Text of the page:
Knowledge is power, as the saying goes. Any police officer or crime expert will tell you as much when it comes to protecting your home from a burglary. Know how thieves behave.
A burglary happens every 18.2 seconds, according to 2014 FBI crime statistics. Why so frequently? Because in under 10 minutes, a burglar nets an average of $2200 worth of goods from a residence. Make sure you're not one of them. Use these top 7 tips to secure your property.
We all know we should lock our doors and windows. You don't need to be told that - but how easily we forget. Roughly 30% of burglaries required little effort from the burglar - he just waltzed in through an unlocked door or window. Also, check the strength of your locks. Beefing up your door and window locks will make it even harder to break in.
Who's Your Burglar?
Know who is most likely to target your home. In most cases, it's a teenage boy who lives within walking distance of your home. He's familiar with your street, can surveil the neighborhood without looking suspicious, and knows when people tend to come and go - thus knowing the best time to strike undetected. Similarly, a laborer who has done work on a nearby property may have had time to observe your home for an extended period. Dressing up like a landscaper, for example, doesn't mean you are one (at that very moment), and it frees you to knock on doors in order to offer your "service".
Make It Look Like You're Home
Everyone knows that making your home look occupied is a deterrent - so do burglars. They know the game, and they roam a neighborhood in search of an easy target. There are a number of things you can do to paint a convincing illusion while you're gone. Keep a car in the driveway (make sure it's not dirty and obviously out of commission). Have a neighbor pick up your newspaper, or stop delivery. Have a neighbor gather your mail: This can be preferable to a mail hold because burglars are able to see that mail is not being delivered.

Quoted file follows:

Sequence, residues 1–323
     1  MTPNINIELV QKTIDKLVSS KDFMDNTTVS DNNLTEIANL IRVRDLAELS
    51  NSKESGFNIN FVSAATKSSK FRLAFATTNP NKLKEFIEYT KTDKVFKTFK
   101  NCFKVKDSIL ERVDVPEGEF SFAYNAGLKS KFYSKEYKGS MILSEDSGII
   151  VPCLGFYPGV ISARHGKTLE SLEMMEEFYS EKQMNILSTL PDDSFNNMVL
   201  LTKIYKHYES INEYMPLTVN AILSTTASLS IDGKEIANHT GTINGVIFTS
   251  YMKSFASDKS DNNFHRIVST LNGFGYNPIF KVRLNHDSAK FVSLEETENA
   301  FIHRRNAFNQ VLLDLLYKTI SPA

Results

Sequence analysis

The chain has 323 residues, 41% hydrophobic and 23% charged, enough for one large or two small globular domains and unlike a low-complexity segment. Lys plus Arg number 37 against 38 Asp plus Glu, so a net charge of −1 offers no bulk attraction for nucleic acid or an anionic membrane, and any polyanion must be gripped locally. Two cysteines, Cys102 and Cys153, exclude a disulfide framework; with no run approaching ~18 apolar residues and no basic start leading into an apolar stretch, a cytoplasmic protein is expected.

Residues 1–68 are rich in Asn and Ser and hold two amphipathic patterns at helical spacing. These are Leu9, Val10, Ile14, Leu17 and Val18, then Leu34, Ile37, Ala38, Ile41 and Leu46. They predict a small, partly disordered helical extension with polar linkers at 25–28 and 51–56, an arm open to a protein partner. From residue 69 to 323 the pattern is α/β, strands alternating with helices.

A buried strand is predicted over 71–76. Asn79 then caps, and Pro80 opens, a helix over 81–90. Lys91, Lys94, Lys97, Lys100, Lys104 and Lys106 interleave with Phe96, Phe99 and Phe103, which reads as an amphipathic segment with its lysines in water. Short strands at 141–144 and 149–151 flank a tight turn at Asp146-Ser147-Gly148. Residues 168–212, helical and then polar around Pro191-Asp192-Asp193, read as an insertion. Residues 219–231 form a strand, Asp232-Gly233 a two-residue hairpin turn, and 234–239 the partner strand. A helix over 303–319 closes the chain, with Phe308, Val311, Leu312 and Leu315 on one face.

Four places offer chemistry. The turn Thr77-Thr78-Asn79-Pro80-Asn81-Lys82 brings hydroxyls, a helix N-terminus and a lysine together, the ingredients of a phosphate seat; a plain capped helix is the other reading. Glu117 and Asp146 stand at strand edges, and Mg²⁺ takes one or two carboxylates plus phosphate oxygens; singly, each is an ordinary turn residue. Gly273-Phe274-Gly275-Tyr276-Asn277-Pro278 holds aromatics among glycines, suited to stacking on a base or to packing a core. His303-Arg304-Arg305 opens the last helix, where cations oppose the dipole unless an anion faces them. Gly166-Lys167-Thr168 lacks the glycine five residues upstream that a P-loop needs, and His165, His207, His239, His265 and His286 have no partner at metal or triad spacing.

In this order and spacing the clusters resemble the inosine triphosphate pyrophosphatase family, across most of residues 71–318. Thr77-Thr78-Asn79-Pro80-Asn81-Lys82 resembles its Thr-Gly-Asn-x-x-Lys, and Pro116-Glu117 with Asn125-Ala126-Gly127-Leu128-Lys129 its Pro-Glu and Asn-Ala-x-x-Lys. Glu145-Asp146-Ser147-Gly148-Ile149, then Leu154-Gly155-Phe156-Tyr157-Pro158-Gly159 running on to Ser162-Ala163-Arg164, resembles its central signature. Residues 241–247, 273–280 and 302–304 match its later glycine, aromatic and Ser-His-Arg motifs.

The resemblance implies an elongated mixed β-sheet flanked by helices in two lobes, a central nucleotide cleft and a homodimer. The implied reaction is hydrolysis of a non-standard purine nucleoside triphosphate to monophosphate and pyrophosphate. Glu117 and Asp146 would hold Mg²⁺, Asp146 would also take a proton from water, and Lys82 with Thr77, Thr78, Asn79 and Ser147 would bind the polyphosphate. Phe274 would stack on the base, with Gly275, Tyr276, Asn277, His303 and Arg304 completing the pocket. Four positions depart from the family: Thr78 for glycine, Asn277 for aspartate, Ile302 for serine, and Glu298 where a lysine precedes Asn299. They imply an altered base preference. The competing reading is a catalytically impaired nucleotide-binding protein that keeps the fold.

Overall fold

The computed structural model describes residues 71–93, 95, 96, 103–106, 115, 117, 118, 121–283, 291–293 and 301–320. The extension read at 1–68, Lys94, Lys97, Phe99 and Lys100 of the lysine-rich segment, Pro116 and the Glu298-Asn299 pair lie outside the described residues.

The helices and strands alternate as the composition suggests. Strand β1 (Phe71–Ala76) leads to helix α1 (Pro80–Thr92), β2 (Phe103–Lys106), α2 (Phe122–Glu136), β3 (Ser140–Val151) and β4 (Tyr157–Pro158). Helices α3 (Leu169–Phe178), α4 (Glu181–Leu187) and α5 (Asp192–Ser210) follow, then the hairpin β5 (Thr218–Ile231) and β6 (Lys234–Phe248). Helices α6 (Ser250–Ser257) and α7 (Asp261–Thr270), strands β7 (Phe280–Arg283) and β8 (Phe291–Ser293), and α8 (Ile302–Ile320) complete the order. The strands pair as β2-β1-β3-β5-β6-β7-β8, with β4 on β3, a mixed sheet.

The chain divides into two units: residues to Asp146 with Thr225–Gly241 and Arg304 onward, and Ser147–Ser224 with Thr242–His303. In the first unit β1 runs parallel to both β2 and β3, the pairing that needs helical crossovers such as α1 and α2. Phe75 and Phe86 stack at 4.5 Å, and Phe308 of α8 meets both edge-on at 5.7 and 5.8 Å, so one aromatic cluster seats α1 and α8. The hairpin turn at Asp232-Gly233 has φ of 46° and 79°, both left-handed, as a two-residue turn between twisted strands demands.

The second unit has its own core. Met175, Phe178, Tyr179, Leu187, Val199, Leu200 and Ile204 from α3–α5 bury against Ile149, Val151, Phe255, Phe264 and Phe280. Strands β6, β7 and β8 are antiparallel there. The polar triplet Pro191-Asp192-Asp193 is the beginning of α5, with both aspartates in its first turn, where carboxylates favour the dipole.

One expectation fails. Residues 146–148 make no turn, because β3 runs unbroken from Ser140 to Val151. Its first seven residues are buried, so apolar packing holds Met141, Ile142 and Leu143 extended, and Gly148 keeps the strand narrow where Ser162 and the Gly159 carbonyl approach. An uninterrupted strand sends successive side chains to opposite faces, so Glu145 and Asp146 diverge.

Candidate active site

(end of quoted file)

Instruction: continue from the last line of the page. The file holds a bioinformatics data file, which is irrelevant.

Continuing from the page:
Having lights or a stereo turn on can be convincing deterrent. At the most basic, a set of smart electrical outlets allow you to control with your smart phone whatever is plugged into them. This way, you can alter the schedule so it's not obvious that your lights, radio, etc., are programmed. If you want to get more sophisticated, you can employ multiple smart home devices to work together.
Consider a professionally installed solution
When a well positioned smart home product is not enough, take a look a professionally monitored solution that combines the peace of mind and 24/7 monitoring of traditional alarm systems with the benefits of today’s smart home products. Solutions like Alarm.com and Honeywell TotalConnect provide you with a complete solution, including video cameras, sensors, control panels and alarms. And since it’s smart, you can control the entire solution from your mobile device. To go this route, you want to contact a home security dealer in your area.
Secure the Front Door
One of the most surprising FBI crime statistics is that most of the time burglars enter through the front door. While a back door and first-floor window were used 22% and 23% of time, respectively, the front door was used in 34% of burglaries.
Given this high percentage, it is an important place to monitor. You can do this with a traditional security camera. But often burglars are unafraid to ring the doorbell to find out if someone is home. With a video doorbell like the SkyBell HD, not only will you have a video recording of a potential burglar - you'll be able to answer the door remotely with your smart phone. No matter how far away you are, you can answer the door and create the illusion that you are home.
Beware the Guard Dog False Sense of Security
While having a so-called guard dog sounds bulletproof, it's the sound of the dog - not the size - that counts. A big dog may look scary, but if it's slow to bark it will deter few burglars. A noisy and persistent barker - regardless of size - will make it difficult for a potential burglar to operate undetected.
Don't Hand a Burglar the Tools
Burglars rarely case a neighborhood with a crowbar and a variety of break-in tools. That would be too obvious. But they sure love it when you're willing to help. Don't be an unwitting accessory to your own property theft: Lock up your tools. Leaving unsecured tools outside is almost as bad as handing a burglar the keys to your palace.